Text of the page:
of perspective with perspective as a whole. There are as many systems of perspective as there are conventional laws for the representation of space.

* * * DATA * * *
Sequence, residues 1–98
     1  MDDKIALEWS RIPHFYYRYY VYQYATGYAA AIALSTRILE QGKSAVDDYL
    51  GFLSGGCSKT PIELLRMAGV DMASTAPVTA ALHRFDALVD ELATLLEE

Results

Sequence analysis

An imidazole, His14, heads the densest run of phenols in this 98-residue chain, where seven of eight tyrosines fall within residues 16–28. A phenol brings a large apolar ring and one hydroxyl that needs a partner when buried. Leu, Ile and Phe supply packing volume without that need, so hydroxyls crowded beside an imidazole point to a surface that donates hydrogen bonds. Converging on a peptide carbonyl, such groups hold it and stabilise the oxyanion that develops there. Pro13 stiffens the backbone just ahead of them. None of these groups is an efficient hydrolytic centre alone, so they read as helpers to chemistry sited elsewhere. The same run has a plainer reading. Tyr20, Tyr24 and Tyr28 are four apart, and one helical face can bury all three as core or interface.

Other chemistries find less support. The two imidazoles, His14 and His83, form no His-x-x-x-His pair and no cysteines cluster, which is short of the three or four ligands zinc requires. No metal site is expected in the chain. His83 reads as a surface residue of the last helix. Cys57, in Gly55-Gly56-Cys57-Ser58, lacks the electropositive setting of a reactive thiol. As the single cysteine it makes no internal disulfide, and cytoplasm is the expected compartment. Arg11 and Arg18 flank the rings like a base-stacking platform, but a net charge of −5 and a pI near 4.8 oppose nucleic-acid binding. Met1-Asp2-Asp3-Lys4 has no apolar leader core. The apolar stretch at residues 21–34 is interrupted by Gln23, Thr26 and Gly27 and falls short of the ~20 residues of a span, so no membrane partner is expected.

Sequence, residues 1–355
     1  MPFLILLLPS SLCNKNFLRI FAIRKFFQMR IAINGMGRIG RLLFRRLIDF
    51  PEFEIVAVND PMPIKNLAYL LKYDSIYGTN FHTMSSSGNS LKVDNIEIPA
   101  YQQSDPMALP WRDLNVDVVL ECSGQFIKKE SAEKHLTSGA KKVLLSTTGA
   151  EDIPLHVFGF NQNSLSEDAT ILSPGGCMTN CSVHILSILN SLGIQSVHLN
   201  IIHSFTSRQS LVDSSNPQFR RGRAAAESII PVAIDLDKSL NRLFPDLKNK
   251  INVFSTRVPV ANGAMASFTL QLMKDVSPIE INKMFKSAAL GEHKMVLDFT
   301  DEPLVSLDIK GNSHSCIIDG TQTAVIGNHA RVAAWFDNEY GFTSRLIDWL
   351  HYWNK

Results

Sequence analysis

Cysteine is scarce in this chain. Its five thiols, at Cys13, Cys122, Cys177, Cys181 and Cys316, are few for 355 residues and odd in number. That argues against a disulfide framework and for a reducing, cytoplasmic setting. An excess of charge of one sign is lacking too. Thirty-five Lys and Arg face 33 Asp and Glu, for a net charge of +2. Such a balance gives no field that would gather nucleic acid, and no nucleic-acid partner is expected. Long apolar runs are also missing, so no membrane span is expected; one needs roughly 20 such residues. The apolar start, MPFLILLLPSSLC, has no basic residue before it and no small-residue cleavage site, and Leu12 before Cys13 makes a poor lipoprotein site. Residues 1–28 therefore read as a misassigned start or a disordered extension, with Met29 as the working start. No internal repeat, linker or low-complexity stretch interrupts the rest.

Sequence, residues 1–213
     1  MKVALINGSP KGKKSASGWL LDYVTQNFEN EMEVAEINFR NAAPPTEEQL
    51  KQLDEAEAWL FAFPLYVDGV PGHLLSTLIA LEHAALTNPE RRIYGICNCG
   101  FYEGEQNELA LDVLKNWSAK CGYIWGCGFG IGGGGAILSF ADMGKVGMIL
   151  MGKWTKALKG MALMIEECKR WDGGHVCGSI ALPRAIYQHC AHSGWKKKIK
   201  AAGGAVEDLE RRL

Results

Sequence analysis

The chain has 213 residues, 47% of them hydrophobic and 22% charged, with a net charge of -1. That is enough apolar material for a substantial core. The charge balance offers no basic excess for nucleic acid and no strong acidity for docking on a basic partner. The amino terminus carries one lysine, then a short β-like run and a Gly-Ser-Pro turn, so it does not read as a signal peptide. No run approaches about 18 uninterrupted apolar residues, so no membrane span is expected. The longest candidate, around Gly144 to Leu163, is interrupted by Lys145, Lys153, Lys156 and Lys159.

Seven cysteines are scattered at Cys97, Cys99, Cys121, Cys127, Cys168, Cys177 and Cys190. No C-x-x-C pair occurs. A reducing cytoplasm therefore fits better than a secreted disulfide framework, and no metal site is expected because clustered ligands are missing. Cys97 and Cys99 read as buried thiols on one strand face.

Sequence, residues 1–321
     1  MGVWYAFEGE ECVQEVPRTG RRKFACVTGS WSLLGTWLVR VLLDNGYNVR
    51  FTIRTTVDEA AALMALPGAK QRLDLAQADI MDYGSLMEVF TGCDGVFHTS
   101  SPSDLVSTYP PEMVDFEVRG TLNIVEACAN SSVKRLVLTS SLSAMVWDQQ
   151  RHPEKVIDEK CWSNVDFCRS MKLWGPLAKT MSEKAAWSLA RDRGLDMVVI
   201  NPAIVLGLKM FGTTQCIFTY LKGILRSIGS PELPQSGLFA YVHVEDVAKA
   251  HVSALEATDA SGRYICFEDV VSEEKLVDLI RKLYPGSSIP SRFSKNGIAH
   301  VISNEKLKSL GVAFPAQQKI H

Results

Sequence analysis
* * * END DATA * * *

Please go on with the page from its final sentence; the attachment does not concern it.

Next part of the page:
The practice of drawing and painting offers the student the following problem in descriptive geometry: to represent the three dimensions of space by means of a plane surface of two dimensions. The Egyptians and Assyrians solved this problem by throwing down vertical objects upon one plane, which demands a great effort of abstraction on the part of the observer. European perspective, built up in the fifteenth century upon the remains of the geometric knowledge of the Greeks, is based on the monocular theory used by the latter. In this system, it is assumed that the picture is viewed with the eye fixed on a single point. Therefore the conditions of foreshortening--or distorting the actual dimensions according to the angle from which they are seen--are governed by placing in harmony the distance of the eye from the scheme of the picture, the height